Finding the best mortgage loan that meets your budget needs takes time and effort. Certain steps you take can save you money on loan fees and lower mortgage interest rates. Therefore, it's important to explore the various options available, especially when looking to get a better mortgage deal.

Comparison shop. Check the rates that both larger national and smaller community banks, credit unions, and online lenders offer. Credit unions, which are nonprofit, member-owned financial cooperatives, often offer lower mortgage rates and charge fewer fees than banks that operate for profit.

Find out too what lender fees and other loan costs different lenders charge. Get a statement from each financial institution that you approach outlining all costs–including the interest rate and closing costs–related to the loan so that you can conduct a more accurate comparison.

Consult a mortgage broker. If you don't have the time to shop for a mortgage loan yourself, a mortgage broker can look for the best loan deal for you by comparing loan packages and terms offered by multiple lenders. While a particular lender can explain the specific loan options and programs it offers to meet your financial needs, a mortgage broker can provide information about the options that many different lenders offer. Mortgage brokers charge commissions; therefore, be sure that all fees are disclosed in writing upfront.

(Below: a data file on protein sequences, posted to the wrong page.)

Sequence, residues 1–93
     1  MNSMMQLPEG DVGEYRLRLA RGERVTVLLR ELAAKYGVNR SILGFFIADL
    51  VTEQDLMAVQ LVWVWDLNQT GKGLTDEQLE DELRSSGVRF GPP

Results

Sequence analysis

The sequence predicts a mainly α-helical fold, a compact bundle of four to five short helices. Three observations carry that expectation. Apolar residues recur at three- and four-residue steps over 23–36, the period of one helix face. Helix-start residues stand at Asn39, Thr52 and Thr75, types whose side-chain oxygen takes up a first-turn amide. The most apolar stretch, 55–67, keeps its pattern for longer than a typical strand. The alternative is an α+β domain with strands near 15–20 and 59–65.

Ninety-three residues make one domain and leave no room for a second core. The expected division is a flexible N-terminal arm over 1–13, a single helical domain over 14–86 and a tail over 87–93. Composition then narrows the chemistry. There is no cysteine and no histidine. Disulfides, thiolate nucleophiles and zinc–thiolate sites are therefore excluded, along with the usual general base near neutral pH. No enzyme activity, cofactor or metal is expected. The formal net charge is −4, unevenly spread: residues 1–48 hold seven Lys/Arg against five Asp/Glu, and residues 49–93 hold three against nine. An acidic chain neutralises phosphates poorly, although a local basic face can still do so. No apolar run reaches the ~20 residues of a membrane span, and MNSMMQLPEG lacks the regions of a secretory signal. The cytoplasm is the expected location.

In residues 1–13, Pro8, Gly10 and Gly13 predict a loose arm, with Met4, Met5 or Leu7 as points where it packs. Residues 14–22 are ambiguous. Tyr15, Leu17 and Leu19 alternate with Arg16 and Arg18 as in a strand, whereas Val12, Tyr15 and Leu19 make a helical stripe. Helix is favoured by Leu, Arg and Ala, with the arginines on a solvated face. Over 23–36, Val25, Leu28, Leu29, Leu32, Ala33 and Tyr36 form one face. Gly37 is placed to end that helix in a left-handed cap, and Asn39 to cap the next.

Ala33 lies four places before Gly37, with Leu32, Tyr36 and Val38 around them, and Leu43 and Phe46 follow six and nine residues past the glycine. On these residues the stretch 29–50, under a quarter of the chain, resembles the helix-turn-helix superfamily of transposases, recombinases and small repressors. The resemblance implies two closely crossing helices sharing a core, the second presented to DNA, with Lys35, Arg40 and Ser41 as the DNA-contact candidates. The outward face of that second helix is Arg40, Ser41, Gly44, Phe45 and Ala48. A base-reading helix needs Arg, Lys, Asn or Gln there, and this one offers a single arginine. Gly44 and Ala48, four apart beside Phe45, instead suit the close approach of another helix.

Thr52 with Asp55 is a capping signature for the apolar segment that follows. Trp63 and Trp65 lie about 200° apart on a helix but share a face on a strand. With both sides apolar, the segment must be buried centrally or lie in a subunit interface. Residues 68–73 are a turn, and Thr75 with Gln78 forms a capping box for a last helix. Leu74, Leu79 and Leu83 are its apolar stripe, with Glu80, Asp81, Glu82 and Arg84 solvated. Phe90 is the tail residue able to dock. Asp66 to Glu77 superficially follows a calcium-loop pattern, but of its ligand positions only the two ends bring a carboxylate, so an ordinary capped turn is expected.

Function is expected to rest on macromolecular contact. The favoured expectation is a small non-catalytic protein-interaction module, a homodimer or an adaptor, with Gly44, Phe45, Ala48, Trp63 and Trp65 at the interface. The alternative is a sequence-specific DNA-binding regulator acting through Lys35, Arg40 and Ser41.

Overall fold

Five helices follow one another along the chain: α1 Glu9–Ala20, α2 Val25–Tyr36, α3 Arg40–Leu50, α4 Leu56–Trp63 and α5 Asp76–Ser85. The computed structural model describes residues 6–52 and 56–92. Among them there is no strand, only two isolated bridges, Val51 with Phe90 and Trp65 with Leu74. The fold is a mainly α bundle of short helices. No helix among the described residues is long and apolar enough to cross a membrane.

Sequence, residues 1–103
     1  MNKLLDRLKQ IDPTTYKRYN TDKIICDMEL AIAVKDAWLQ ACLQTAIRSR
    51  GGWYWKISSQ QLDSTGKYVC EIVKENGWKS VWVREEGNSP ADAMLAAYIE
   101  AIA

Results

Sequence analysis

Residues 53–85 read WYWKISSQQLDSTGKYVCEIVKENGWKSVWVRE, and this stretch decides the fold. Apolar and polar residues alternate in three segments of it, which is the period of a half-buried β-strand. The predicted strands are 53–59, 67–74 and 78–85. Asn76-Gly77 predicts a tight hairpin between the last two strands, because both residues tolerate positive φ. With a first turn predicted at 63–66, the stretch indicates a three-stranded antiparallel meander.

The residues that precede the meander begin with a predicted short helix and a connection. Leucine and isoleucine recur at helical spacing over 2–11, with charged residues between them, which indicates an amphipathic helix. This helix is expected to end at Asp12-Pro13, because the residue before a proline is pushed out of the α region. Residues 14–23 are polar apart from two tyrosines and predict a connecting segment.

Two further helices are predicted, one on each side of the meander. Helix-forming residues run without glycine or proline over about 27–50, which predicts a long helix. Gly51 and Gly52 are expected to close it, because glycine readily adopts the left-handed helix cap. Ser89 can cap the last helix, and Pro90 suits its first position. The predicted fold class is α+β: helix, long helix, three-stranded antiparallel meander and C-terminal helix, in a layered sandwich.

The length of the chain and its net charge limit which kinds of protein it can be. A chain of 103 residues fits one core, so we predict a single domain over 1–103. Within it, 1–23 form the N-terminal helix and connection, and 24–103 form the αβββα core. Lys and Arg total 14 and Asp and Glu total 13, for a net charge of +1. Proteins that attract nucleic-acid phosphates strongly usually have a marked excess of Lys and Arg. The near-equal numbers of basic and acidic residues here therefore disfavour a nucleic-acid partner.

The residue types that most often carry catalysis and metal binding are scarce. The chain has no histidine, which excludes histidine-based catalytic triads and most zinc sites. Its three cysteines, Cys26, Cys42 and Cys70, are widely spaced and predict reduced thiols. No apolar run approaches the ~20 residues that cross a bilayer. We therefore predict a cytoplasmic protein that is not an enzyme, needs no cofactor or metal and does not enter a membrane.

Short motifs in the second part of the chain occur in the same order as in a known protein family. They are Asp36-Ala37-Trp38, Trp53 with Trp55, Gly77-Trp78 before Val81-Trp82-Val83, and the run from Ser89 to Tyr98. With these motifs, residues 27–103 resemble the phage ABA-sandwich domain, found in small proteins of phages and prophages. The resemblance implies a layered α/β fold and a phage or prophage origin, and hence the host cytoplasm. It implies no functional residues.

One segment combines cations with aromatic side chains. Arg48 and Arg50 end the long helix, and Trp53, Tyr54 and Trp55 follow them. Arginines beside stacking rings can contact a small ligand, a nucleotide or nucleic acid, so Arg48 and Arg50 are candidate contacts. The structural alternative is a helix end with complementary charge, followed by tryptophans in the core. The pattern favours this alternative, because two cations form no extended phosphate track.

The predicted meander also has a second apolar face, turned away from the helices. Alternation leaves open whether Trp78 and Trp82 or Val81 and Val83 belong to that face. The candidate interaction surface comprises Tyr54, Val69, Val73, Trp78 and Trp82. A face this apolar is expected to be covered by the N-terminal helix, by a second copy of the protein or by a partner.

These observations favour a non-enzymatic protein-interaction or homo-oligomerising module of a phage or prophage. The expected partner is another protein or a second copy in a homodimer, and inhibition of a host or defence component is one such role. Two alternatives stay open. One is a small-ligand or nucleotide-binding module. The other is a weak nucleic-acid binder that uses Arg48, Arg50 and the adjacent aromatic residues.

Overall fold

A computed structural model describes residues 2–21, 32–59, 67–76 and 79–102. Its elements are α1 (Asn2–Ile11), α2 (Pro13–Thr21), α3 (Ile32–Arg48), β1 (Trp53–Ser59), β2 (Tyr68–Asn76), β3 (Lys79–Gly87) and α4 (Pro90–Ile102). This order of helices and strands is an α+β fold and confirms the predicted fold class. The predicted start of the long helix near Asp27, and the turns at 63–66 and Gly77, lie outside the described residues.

Make a higher down payment. Although minimum down payment requirements vary by loan programs and lender, the more money that you can put down on a home's purchase price, the lower the interest rate a lender will offer.

Keep in mind that if you apply for a loan that accepts a lower down payment to save on upfront loan costs, you have to pay private mortgage insurance (PMI) to cover the lender's risk if you default on the loan. A lender generally requires private mortgage insurance when the property you are buying has less than 20 percent equity at financing. PMI increases your monthly mortgage payment but is canceled once your outstanding loan balance drops to 78 percent of the home's appraised value at the time you take out the loan.

Consider paying for discount points. A point–which equals one percent of the loan amount you want to borrow–lowers the interest rate and therefore the monthly mortgage amount you pay.

While paying points upfront gets you a mortgage at a lower rate of interest, it only saves you money if you plan to live in the home long enough to recover the interest you prepay. Generally, paying points lowers the interest rate on a loan by one-eighth to one-quarter of a percentage point for each point you pay. Discount points are also tax deductible if you itemize deductions on your federal income tax return.

Take out a shorter-term loan. Although you will pay a higher monthly payment, if you can afford the cost, you'll pay less in interest over the life of the loan. A 30-year mortgage plan may offer lower monthly payments, but lenders charge higher interest rates for longer-term loans.

Look into special programs. You may qualify for a VA home loan, FHA loan, USDA loan, or first-time home buyer program. These home loan programs generally offer low- or no-down payment loans, will accept lower credit scores, and often help cover closing costs.

Local and state housing agencies offer other home buyer assistance programs like down payment assistance programs. You don't necessarily have to be low income to qualify. As long as you qualify for a mortgage loan but don't have money for a down payment, you may be eligible for assistance. For more information, contact a company like I Want A Better Mortgage.